Your first year of college is about survival. You may be on par with every other freshman in being able to reason, think critically, problem solve, and even write. It’s the hidden skillset where everyone is different. What’s the hidden skillset? Transitioning from high school to college involves making some necessary adjustments where time is of the essence. The sooner an undergraduate freshman makes the transition, which is to remain intact until they graduate, the better their odds of not being an attrition data point. College upperclassmen all share the ability to 1) Manage their time 2) Manage their stress 3) Cope with test anxiety and 4) Make responsible, independent decisions. These are life skills! You can have a genius level I.Q. but it won’t matter if you cannot fit within this behavioral paradigm. When and if the college student graduates, all but skill number three (coping with test anxiety) transfer to the workforce.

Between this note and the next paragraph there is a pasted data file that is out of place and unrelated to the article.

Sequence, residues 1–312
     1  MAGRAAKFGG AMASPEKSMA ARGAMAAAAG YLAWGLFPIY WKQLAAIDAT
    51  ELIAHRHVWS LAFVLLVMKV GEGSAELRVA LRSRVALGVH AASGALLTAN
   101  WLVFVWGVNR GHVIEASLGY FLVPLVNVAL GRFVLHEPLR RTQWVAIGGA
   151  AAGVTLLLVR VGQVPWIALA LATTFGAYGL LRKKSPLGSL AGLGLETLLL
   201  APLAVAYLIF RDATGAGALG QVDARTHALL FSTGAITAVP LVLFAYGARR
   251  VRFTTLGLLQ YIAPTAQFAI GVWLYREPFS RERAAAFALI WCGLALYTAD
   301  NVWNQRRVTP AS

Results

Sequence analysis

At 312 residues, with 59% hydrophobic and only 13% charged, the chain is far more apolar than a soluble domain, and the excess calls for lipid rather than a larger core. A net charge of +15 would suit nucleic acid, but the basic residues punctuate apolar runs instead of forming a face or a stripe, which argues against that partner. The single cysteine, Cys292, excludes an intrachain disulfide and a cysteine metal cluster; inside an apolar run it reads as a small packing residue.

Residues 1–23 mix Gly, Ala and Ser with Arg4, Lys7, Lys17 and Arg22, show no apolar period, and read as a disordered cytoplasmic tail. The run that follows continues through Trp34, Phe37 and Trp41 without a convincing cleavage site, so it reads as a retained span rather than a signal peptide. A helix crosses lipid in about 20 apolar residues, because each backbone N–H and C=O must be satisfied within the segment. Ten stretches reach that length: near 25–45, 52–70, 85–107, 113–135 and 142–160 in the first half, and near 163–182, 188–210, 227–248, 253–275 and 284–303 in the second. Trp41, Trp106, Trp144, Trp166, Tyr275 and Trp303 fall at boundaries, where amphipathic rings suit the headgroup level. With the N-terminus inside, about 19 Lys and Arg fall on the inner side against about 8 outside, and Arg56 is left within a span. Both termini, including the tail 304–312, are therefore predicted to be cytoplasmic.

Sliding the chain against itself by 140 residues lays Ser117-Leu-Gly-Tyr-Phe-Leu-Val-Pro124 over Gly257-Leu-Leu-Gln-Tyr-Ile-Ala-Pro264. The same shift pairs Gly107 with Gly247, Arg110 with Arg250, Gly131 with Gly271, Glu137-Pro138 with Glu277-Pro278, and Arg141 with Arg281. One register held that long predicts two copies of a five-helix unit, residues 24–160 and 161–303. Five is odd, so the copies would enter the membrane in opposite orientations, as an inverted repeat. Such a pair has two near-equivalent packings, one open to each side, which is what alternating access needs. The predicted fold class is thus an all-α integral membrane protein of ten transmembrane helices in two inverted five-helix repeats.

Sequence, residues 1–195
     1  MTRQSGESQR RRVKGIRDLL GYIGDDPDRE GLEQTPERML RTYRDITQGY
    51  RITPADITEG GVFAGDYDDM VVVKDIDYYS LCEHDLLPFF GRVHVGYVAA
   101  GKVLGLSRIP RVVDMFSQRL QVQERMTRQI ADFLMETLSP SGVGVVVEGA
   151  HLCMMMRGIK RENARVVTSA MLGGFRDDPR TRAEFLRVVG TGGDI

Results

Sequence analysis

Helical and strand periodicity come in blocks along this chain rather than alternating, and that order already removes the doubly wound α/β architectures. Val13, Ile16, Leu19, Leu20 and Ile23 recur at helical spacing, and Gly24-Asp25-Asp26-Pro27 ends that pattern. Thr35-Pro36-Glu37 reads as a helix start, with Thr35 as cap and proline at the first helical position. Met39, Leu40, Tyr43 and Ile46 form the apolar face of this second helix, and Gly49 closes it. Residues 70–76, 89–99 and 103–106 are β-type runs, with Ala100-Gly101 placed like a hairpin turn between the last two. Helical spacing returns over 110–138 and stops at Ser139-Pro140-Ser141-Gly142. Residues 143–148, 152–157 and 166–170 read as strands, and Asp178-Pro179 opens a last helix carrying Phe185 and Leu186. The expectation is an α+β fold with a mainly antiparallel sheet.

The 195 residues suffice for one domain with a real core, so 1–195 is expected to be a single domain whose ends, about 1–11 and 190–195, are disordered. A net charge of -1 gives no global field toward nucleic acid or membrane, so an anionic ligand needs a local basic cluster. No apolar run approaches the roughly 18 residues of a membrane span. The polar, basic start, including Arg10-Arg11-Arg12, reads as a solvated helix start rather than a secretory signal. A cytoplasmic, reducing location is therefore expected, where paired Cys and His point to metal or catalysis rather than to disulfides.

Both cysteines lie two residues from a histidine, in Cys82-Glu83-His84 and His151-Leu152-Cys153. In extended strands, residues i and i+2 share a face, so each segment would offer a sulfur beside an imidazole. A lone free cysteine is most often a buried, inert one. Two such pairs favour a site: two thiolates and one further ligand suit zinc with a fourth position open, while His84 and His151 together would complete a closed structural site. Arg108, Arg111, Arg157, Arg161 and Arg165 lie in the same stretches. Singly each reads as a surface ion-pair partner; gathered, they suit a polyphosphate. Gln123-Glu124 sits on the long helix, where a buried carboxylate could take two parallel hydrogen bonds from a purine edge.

Life skills like those listed above are the foundation of success in any venue. Because you’re not getting paid for a service while, at college, no one expects you to have these essential life skills. In fact, hardly anyone cares if you’re an absentminded slouch. The consequences of not keeping an orderly schedule of your day’s activities, bills to pay, places to go, and so on, will be felt by you alone. In contrast, at a job, an employer would also bear the burden of your lack of punctuality, erroneous decision-making, etc., and for that you will pay the price with a possible termination. What’s more critical to the success in college and career is firstly having the behavioral skills necessary to perform the basic requirements. Using the analogy of being a patient at a hospital, not having life skills is like being in a state of perpetual Critical condition. In comparison, having great life skills moves you into the Intensive Care Unit or I.C.U. What eventually gets you out of the hospital, i.e., thriving, is how well (how much better than others) you can reason, think critically, problem solve, and write. Distinguishing yourself from the competition is all about your intellect and intellectual abilities. And these are not critical to the success in college or career, for we have all seen less “capable” people rise above our level. Alas, there is no way of weeding out business organizational culture typical of hierarchies where often it’s not what you know, but who you know that determines your career’s heartbeat.